Desolate, dusty Uyuni in the sparsely populated southwest of Bolivia feels like a town abandoned to the march of history. Founded in 1889, it was once a bustling railway hub connecting Bolivia’s mines with the world beyond the Pacific. But the mines eventually dried up, and the trains stopped running. Rather than decommissioning and selling them as scrap, depressed Uyuni left the useless locomotives to rot in a fascinating “train cemetery” just a few kilometers outside the city.
On our three-day tour of the Salar de Uyuni and Boliva’s arid southwest corner, our first stop was the Train Cemetery, where we were allowed to clamber onto and into the old railway cars. It made me feel like one of the Boxcar Children. Or, like a dirty bum.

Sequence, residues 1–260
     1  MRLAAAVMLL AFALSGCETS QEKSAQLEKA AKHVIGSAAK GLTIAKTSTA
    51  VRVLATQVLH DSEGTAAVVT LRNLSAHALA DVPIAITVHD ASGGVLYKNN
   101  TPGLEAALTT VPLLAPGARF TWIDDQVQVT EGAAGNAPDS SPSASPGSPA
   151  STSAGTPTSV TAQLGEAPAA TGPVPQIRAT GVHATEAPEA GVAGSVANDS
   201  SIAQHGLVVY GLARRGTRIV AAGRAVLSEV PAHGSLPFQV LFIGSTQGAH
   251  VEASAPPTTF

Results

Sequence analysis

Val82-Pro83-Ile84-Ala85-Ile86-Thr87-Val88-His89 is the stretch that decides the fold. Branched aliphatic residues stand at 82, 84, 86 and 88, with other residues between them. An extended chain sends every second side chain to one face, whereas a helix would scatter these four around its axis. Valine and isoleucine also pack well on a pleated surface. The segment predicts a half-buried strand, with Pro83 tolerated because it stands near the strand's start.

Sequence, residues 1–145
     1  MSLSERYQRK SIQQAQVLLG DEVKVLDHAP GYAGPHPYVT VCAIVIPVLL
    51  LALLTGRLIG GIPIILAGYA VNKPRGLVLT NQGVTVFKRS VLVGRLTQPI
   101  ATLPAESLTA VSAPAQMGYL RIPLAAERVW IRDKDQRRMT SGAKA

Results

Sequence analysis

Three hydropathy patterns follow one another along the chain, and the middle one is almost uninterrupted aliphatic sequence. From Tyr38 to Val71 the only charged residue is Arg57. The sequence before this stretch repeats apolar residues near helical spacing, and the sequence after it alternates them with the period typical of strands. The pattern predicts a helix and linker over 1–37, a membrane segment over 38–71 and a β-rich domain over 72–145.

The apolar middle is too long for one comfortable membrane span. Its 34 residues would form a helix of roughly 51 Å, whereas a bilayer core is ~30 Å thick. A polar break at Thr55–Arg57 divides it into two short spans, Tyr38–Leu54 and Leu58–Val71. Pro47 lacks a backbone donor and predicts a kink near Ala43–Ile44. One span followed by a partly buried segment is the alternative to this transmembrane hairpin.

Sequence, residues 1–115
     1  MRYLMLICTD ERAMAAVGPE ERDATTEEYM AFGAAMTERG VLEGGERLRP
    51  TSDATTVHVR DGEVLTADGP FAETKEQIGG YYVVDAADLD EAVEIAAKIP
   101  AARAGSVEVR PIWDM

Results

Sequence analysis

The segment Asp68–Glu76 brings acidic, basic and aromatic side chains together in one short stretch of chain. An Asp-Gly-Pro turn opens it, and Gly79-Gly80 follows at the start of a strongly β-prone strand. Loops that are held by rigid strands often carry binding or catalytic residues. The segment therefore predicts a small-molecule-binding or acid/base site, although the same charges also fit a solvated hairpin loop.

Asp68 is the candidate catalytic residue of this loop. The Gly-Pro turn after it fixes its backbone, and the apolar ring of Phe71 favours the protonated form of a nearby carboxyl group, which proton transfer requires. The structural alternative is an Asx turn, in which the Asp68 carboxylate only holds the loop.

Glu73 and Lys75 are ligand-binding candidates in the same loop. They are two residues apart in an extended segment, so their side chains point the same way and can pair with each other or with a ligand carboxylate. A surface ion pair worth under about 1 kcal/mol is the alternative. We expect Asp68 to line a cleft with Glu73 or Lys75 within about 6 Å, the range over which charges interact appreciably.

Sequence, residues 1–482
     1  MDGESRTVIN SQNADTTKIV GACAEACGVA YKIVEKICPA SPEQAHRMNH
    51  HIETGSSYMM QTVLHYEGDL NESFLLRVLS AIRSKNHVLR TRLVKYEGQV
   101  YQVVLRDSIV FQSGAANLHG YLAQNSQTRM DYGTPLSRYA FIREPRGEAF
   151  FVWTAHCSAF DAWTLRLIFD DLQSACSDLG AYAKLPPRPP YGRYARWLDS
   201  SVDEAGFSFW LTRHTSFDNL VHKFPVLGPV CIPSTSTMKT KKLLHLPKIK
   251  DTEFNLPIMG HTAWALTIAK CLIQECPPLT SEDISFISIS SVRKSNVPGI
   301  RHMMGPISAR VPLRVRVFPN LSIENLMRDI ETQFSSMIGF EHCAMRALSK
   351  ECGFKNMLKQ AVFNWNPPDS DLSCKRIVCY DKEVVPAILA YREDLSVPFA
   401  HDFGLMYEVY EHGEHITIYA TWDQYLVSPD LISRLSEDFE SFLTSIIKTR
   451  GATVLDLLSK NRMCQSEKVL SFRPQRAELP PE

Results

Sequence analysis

These were the first locomotives of Bolivia, and wandering around their rusty carcasses left a strong impression. Most other countries would have removed the old trains, cordoned them off, or perhaps made a museum out of them. The fact that they’ve been abandoned here to be stripped by locals and climbed upon by monkey-like foreigners might not be the most constructive or safest idea, but it’s pretty awesome.